Cecil Hutson Sermon Archive

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September 12, 1999 AM


Isa 39:3,4

INTRO: From Babylon came visitors bringing letters and a present to King Hezekiah from the son of Babylons king. I assume because of pride and some desire to impress his visitors Hezekiah showed them all of his treasures, possessions, and wealth. Now, Isaiah came to the King with some questions. One of them was this. What have they seen in thine house? I want to borrow that question to formulate thoughts for you and me. If visitors come to your house, what do they see?


A. Worn Bibles?

1. not antiques ... Bibles worn out from use

2. suggests that the home honors Gods word

3. Ps 127:1 with Ps 119:133

B. Love of husband and wife?

1. an obvious mutual respect, devotion

2. suggests happiness, stability, honored roles, considerations

3. Rom 12:9a and 10a with 1Pet 3:5-7

C. Respect of children for parents?

1. in word and deed

2. suggests a home of loving discipline

3. Eph 6:1, 4 with Heb 12:6,9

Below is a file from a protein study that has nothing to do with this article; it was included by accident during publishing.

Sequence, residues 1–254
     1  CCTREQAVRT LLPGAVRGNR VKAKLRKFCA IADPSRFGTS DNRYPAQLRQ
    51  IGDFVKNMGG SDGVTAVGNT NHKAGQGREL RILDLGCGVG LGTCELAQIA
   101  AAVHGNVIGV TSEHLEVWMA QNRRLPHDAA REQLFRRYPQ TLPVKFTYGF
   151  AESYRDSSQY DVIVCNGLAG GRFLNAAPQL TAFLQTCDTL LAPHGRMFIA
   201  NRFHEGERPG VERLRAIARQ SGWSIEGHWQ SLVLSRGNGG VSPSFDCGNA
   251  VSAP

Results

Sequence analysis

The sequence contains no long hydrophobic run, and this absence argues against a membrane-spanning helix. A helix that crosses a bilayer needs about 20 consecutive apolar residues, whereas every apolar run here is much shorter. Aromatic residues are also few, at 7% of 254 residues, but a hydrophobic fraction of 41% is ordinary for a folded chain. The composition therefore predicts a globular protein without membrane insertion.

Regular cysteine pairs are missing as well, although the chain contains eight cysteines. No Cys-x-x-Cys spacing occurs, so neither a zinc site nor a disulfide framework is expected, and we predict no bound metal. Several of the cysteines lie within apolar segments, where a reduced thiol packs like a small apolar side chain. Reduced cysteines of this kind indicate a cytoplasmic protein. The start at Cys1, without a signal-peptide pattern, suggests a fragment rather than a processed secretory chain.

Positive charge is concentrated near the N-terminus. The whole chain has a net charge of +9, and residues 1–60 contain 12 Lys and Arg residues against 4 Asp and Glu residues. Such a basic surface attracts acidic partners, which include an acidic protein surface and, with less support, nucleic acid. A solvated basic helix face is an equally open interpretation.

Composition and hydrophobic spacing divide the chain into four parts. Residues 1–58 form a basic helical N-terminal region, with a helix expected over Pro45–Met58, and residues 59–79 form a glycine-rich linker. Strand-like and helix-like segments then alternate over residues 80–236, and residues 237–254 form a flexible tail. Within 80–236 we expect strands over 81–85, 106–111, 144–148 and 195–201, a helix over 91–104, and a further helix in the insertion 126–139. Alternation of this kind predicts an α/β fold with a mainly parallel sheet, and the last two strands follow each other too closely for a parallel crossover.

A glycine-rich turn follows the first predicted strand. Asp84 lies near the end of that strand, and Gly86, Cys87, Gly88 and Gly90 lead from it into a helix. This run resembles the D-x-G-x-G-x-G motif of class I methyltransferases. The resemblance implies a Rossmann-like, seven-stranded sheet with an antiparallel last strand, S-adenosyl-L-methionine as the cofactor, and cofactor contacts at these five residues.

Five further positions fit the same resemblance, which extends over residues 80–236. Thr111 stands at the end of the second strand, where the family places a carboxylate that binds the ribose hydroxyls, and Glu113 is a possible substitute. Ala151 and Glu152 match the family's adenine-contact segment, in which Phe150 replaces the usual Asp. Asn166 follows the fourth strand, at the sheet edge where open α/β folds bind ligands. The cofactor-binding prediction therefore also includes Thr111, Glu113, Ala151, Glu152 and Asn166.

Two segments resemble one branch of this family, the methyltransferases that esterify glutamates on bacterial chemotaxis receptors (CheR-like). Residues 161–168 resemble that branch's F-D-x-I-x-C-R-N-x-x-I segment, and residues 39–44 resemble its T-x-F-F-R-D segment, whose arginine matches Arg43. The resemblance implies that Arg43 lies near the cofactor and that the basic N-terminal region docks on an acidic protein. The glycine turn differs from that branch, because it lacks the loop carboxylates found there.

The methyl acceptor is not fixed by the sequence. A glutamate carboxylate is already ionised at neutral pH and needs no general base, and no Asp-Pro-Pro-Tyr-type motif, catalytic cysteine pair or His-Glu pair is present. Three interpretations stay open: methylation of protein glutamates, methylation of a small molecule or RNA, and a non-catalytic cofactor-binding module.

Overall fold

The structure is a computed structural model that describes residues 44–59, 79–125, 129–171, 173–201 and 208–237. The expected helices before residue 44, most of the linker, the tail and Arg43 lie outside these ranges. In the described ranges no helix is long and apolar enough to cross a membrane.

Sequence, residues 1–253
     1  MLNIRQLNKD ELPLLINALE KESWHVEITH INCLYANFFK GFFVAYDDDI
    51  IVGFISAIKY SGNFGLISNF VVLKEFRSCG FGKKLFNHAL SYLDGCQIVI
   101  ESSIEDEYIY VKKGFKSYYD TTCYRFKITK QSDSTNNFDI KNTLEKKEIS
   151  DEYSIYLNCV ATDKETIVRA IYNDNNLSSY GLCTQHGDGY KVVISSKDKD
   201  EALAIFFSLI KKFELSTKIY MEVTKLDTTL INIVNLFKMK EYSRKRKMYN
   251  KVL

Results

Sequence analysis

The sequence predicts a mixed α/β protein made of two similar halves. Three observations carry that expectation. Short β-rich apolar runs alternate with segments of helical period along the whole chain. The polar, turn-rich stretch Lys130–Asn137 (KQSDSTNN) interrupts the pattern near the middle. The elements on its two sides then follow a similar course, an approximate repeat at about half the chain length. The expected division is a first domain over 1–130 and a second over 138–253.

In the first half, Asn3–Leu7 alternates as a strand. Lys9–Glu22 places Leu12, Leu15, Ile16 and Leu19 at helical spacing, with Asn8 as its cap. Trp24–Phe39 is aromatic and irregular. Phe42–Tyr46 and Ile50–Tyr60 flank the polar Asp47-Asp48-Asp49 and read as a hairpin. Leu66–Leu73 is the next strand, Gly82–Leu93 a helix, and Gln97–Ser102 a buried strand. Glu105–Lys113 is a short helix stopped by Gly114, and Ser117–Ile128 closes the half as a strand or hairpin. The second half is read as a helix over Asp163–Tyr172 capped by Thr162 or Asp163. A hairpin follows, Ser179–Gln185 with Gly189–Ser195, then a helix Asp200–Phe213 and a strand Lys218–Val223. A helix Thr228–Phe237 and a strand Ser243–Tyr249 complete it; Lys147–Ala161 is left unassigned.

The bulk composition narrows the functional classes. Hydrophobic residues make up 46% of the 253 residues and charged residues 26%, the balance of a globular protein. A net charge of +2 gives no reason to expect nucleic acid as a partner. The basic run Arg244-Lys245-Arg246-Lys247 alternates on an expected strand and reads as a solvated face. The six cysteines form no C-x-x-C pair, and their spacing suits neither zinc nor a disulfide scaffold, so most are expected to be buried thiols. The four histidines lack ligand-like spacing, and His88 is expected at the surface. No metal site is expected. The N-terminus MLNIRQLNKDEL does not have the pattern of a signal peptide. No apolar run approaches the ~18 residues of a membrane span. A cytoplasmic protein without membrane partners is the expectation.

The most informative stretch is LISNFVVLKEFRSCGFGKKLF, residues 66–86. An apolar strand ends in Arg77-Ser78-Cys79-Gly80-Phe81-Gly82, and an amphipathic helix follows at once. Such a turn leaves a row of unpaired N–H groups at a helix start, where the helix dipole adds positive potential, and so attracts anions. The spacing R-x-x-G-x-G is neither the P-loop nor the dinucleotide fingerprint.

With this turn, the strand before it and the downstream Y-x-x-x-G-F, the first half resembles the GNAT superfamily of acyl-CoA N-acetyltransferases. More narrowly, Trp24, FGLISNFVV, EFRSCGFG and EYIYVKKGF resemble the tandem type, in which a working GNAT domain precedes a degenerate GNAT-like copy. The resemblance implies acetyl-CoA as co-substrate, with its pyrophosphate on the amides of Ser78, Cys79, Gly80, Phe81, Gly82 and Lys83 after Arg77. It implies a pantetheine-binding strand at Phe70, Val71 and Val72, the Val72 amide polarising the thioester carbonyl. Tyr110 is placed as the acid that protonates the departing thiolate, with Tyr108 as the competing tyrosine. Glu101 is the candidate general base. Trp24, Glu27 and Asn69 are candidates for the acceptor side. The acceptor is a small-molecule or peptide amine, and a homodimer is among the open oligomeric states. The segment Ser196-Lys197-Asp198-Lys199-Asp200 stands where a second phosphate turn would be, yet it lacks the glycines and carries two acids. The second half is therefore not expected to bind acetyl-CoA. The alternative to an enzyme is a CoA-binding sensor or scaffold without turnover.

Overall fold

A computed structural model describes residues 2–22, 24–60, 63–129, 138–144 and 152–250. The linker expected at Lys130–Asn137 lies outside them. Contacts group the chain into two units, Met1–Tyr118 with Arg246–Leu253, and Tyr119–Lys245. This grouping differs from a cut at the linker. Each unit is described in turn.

D. Communication (language) that is pure?

1. absence of lewd, careless, talk - Gods name honored

2. suggests purity of the hearts of family

3. Lk 6:45

E. Habits that are wholesome?

1. manners; whereabouts; companionships

2. suggests that Gods word is impacting lives

3. 1 Thes 4:1

F. Entertainment above question?

1. leisure time activities will say a lot about us

2. whether television, literature, games, recreation, etc.

3. 1 Thes 4:7

G. Habitual in worship?

1. when its time to go to class, to worship ...

2. Heb 10:23-25


A. Family members in disarray?

1. no communion, no interaction, no relationship, no serving, no role honoring, bickering, anger, etc.

2. the breakdown of family - dysfunctional

3. where is the Lord in this family? (Prov 14:1)

B. Material interests in first place?

1. do they see things meaning too much? conversations that seldom leaves mundane interests?

2. do they see devotion to self? me? I?

3. Mt 6:33 with Ps 52:7

C. Movies, television programs, magazines which are suggestive?

1. how can such things not affect us ... if only to desensitize us?

2. how can such things not say something about our hearts?

3. so, Col 3:1-5 how can others reconcile these suggestive things with where our hearts should be?

D. Lukewarm spiritual interests, lives?

1. just about anything comes between us and things spiritual?

2. is our faith that superficial? it will show

3. Rom 12:1 has there been a sacrifice?

CLOSE: My hope in this simple approach to the matters at hand has been to provoke us to think seriously about the message others get from what they see and experience in our homes. Rest assured, they will go away with some message, some impression. What will it be?

Cecil A. Hutson

12 September 1999

God's Plan of Salvation